While workers performing electric arc welding are subject to hazards related to the inhalation of toxic fumes, eye hazards, burns, or fires, the most potentially perilous hazard they face is electrical shock, which can result in electrocution and other horrific physiological problems. Preventing electrical shock should therefore be a top priority within a company safety program that also addresses the other hazards associated with electric arc welding.


Why is preventing electrical shock so important? Most electric arc welding machines used in mechanical construction push up to 600 V and generate a current between 10-600 A. However, it only takes 70-100 milliamps (mA) to kill a human being, and a mA is only one one-thousandth of a simple amp.

The key to preventing electrical shock is to ensure welders protect themselves from becoming the path of least resistance for electricity traveling to ground, and from becoming part of the actual welding circuit. While most welders thoroughly understand the former concept and keep it foremost in their minds, the latter concept is often overlooked.

For example, a welder in the Midwest recently became part of a welding circuit and remained there for close to 10 seconds until the electrode burned down enough to break the circuit. Fortunately, he survived, but the incident left him bleeding from the nose and mouth and shook him up so much that he seriously contemplated finding another way to make a living.

In this case, the incident was a perfect storm of four events. First, the worker was kneeling on two pipes covered in sheet metal that were electrically connected to the pipe he was welding. Second, it was an extremely hot day, and he was sweating so profusely that his welding gloves and pants were soaking wet. Third, his work cable was clamped to a structural steel beam and not directly to the work itself. Fourth, the work cable was clamped 60 feet away from the welding machine.

The combination of the first two events decreased resistance to a path that the current was not supposed to travel. The combination of the second two events increased resistance in the path that the current was supposed to travel. As a result, the current travelled from the electrode through the work, the welder’s wet welding glove, his body, the sheet metal covered pipe, the steel beam, the work cable, and finally back to the welding machine. Remove any one of the four events that led to the incident, and it probably would not have occurred.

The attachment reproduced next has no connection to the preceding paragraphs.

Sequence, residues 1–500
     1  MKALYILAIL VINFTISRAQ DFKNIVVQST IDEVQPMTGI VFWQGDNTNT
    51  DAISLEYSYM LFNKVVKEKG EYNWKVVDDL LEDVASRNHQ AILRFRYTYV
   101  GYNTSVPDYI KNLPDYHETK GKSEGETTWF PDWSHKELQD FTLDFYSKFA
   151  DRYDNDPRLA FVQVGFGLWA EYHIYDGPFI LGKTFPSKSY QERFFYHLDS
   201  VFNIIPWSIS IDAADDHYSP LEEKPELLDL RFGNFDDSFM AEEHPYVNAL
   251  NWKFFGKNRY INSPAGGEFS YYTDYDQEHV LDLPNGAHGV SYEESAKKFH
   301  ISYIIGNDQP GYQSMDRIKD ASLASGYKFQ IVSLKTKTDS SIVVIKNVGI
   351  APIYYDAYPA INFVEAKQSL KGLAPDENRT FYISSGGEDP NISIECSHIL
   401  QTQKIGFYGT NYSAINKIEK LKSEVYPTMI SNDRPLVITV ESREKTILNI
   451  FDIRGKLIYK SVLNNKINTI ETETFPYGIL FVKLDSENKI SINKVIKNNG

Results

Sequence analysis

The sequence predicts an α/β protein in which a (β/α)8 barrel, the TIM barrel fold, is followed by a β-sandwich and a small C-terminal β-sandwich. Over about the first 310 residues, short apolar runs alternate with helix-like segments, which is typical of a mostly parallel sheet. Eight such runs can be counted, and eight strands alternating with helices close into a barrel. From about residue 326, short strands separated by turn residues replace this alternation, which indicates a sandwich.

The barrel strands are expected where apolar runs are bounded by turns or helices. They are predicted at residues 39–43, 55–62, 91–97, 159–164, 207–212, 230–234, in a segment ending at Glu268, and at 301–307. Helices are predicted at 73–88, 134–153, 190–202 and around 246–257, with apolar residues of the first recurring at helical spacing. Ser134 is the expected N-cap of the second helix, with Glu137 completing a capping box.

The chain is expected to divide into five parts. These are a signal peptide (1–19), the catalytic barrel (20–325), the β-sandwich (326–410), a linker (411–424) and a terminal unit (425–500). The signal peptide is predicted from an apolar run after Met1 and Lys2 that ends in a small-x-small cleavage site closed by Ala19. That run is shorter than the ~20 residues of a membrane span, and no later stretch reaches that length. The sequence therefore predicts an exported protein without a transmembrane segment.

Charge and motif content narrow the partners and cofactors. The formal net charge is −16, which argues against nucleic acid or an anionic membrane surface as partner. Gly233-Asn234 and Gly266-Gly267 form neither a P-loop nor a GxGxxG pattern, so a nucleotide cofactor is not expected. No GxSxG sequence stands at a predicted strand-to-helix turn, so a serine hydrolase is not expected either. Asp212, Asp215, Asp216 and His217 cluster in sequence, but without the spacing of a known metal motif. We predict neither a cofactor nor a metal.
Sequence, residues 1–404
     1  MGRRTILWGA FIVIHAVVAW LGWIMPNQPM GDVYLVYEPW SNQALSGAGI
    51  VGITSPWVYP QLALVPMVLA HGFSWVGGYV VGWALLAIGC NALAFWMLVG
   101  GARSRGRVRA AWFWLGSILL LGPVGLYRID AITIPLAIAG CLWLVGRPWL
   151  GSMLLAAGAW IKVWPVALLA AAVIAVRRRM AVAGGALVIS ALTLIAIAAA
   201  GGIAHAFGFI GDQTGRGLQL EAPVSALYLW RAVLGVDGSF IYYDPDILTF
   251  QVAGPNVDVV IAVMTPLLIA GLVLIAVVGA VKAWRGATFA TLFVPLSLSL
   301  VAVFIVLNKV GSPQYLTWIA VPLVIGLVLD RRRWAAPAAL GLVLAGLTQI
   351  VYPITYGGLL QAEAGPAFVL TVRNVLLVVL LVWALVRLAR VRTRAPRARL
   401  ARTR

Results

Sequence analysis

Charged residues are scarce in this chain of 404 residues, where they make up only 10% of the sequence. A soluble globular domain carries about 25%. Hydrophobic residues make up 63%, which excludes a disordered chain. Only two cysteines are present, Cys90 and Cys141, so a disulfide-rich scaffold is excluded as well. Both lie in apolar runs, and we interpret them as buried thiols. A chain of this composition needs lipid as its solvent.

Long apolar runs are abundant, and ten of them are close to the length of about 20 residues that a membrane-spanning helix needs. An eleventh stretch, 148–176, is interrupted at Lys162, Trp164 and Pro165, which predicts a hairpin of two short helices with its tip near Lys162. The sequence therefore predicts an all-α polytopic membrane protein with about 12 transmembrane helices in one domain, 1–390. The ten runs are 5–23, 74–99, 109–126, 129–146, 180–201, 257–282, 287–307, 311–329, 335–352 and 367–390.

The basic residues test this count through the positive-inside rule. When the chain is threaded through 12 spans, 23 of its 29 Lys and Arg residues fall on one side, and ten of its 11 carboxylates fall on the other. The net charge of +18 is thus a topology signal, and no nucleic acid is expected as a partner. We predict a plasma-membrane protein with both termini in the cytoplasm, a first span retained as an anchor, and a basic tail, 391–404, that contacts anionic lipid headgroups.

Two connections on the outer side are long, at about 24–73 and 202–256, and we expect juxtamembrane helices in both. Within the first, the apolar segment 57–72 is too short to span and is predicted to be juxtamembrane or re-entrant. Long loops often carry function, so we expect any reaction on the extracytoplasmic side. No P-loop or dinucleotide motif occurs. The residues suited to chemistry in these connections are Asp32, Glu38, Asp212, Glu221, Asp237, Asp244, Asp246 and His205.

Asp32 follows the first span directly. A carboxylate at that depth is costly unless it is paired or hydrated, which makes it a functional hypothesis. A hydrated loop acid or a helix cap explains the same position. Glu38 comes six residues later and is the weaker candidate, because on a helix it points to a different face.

The lessons from the incident are straightforward and, while the missing protective measures are somewhat obvious, they’re certainly well worth revisiting.

• Make sure welders know how and why to insulate themselves from the anticipated electrode circuit, any unintended and perhaps inconspicuous electrode circuit paths, the work itself, and from ground;

• Ensure welders do not weld in wet environments, and emphasize proper insulation when the work environment and/or their clothing, including their gloves, are even slightly damp; and

• Require welders to clamp their work cables directly to the work itself and as close to the weld as practical. This safe-work practice is recommended by welding machine manufacturers in their operators’ manuals. When there is no place on the work to clamp a standard spring-style work cable clamp, use a magnetic clamp. There are several manufacturers that make effective, high-quality magnetic clamps that are capable of functioning effectively up to 600 A.


Protecting welders from other common electric arc welding hazards can be easily accomplished by:

• Preventing overexposure to welding fumes with adequate ventilation, such as effective local exhaust, industrial-grade fans, and, when necessary, point-of-operation ventilation systems such as smoke eaters;

• Having standard safe work practices in place, such as requiring welders to position their bodies away from welding fumes and to position their welding helmets so that the fumes can’t rise up underneath them and into the breathing zone;

• Requiring adequate eye protection at all times. In addition to wearing standard safety glasses underneath their welding helmets while they are welding, welders should use, at a minimum, a No. 10, and sometimes a No. 12 or No. 14, helmet filter plate, depending on the size of the electrode and the amount of current that will be generated;

• Protecting against burns with proper clothing, including leather boots that cover the ankles, flame-resistant pants, and a flame-resistant long-sleeve shirt or flame-resistant coveralls. High- quality welding gloves that are in good condition are also necessary. A welding cap is a good idea, too, unless the welder is using
a combination hardhat/welding helmet rig; and

• Guarding against workplace fires through a combination of good housekeeping and a fire watch at the end of each day. Anything that’s flammable or combustible should be removed from the hot work area or somehow isolated before welding begins. And, a designated fire watch should observe the work area for at least 30 minutes after the welding or any other hot work has stopped for the day. The fire watch should look for smoke, smoldering materials, flames, etc.

The good news is that electric arc welding is extremely safe when performed properly. To learn more about electric arc welding safety, welders should read the safety instructions in a welding machine manufacturer’s operator’s manual before welding with that particular machine.

Publication date: 6/22/2015

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